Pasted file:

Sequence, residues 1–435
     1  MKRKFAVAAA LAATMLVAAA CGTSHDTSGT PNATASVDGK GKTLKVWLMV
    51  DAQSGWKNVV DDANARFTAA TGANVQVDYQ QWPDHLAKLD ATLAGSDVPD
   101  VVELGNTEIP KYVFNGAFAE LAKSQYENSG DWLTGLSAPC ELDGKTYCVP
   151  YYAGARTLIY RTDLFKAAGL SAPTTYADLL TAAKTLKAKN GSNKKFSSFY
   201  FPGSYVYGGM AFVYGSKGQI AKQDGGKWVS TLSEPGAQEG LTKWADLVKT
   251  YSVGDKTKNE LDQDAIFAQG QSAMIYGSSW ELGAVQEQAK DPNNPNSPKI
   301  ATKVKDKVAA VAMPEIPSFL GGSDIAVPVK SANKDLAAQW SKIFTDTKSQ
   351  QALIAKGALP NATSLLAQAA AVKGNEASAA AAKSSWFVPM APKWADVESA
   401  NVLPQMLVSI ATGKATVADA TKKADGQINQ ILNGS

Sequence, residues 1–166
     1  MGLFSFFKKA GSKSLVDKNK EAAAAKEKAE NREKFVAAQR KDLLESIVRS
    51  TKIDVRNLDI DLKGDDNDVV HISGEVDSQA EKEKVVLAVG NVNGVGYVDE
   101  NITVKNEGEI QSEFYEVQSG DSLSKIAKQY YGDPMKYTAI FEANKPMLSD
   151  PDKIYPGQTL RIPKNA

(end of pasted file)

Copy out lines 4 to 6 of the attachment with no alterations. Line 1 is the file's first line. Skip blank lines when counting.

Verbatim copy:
   101  VVELGNTEIP KYVFNGAFAE LAKSQYENSG DWLTGLSAPC ELDGKTYCVP
   151  YYAGARTLIY RTDLFKAAGL SAPTTYADLL TAAKTLKAKN GSNKKFSSFY
   201  FPGSYVYGGM AFVYGSKGQI AKQDGGKWVS TLSEPGAQEG LTKWADLVKT